|near Avoch, Highland, Scotland|
Ormond Hill where Ormond Castle once stood
|Built||c. 13th century|
Ormond Castle, also known as Avoch Castle, was a powerful stronghold, overlooking the village of Avoch, on the Black Isle, in the former county of Ross and Cromarty, now part of Highland, Scotland. It controlled a prominent position overlooking the Moray Firth and critical to the sea access to Inverness.
The castle dates from the late 12th century and was rebuilt as a strong rectangular fortress with square corner towers (in the Norman style) between 1200 and 1214 by William the Lion as a royal fortress.
By the thirteenth century, the castle was in the hands of the de Moravias of Petty and was where they ruled their vast tracts of land across Moray. Andrew de Moravia mustered the men of Moray to join King John Baliol at Ormond Castle following his dishonour in front of Edward I of England, at the outset of Wars of Scottish Independence.
Sir Andrew Murray died here in 1338.
The heiress to the de Moravias of Petty was Joanna of Bothwell, in 1362 she married Archibald the Grim, Lord of Galloway and later 3rd Earl of Douglas who claimed her estates and titles de jure uxoris (by right of marriage). Ormond Castle was the caput of the Barony of Ormonde, and was created into an Earldom in 1445 for Hugh Douglas, Earl of Ormonde, third son of James Douglas, 7th Earl of Douglas. Following the fall of the Black Douglases after the Battle of Arkinholm in 1455 and the execution of the earl, his properties, like those of his brothers, was forfeit. Ormond Castle was taken by the crown and regranted to George Douglas, 4th Earl of Angus. Angus, the "Red Douglas", was a kinsman and enemy of the Black Douglases, and became the new power from that mighty house. The title of Earl of Ormonde was recreated for the elder son of the 1st Marquess of Douglas in 1651, but became extinct upon the death of Archibald Douglas, 3rd Earl of Ormonde in 1715, who died of wounds following the Battle of Sheriffmuir.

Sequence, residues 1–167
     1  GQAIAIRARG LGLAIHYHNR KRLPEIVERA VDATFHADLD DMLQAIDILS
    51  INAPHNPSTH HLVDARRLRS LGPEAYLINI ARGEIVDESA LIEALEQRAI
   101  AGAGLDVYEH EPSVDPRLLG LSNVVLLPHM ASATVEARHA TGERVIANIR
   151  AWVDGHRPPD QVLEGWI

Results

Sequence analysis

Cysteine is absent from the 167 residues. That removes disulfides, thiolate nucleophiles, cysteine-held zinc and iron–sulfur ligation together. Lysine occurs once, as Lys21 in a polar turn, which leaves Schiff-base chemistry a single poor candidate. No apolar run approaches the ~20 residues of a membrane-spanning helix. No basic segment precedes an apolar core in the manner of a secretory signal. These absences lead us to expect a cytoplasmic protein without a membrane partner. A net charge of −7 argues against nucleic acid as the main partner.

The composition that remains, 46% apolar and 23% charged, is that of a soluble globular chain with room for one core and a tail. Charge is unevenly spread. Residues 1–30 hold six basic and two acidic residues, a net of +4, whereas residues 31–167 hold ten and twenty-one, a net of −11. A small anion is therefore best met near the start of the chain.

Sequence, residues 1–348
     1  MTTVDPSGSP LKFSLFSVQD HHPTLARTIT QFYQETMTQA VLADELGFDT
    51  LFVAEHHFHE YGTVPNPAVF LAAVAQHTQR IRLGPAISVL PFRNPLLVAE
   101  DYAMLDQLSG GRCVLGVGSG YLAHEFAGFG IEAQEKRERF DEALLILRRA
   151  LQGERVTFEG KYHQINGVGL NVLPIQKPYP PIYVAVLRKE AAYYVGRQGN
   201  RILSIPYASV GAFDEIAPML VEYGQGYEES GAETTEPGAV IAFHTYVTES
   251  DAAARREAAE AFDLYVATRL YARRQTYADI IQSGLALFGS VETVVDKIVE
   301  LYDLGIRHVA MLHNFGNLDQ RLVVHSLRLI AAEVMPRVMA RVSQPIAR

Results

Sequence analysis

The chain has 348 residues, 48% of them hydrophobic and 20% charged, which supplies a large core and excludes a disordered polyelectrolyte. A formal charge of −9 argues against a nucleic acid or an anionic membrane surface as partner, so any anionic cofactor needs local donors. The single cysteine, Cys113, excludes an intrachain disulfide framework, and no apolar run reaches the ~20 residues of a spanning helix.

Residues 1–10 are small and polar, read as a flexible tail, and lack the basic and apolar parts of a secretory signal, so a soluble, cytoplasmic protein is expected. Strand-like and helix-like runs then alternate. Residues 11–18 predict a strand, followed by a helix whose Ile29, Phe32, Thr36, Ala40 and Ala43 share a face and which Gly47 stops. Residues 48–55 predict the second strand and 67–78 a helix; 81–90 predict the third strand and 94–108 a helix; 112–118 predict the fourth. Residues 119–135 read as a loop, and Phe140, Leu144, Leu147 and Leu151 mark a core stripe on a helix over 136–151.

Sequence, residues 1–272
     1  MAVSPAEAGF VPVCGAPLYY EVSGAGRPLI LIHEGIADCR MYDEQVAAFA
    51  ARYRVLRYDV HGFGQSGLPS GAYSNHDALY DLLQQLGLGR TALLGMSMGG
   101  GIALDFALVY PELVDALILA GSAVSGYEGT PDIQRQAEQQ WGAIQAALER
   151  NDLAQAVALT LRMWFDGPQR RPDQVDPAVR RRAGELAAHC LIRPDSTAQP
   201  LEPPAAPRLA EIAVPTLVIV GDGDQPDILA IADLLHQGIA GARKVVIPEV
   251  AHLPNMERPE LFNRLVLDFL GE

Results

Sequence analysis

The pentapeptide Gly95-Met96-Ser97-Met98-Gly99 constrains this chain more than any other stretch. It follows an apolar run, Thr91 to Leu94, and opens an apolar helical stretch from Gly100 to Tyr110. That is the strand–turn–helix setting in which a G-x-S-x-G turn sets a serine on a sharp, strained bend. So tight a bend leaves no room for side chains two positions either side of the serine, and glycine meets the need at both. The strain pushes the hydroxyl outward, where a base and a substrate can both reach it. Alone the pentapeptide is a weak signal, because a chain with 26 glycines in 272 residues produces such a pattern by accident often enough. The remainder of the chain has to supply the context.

From 1560 to 1568 the castle was owned by David Chalmers, Lord Ormond, but his support of Mary Queen of Scots forced him into exile in 1568 and he was forced to sell the castle and the adjacent estates of Suddie and Avoch.
In 1568 Ormond Castle and the lands of Suddie in Avoch were acquired under feu from the Earls of Angus and Ormonde, by Andrew Munro, 5th of Milntown, also known as Andrew Munro of Newmore during his father's lifetime.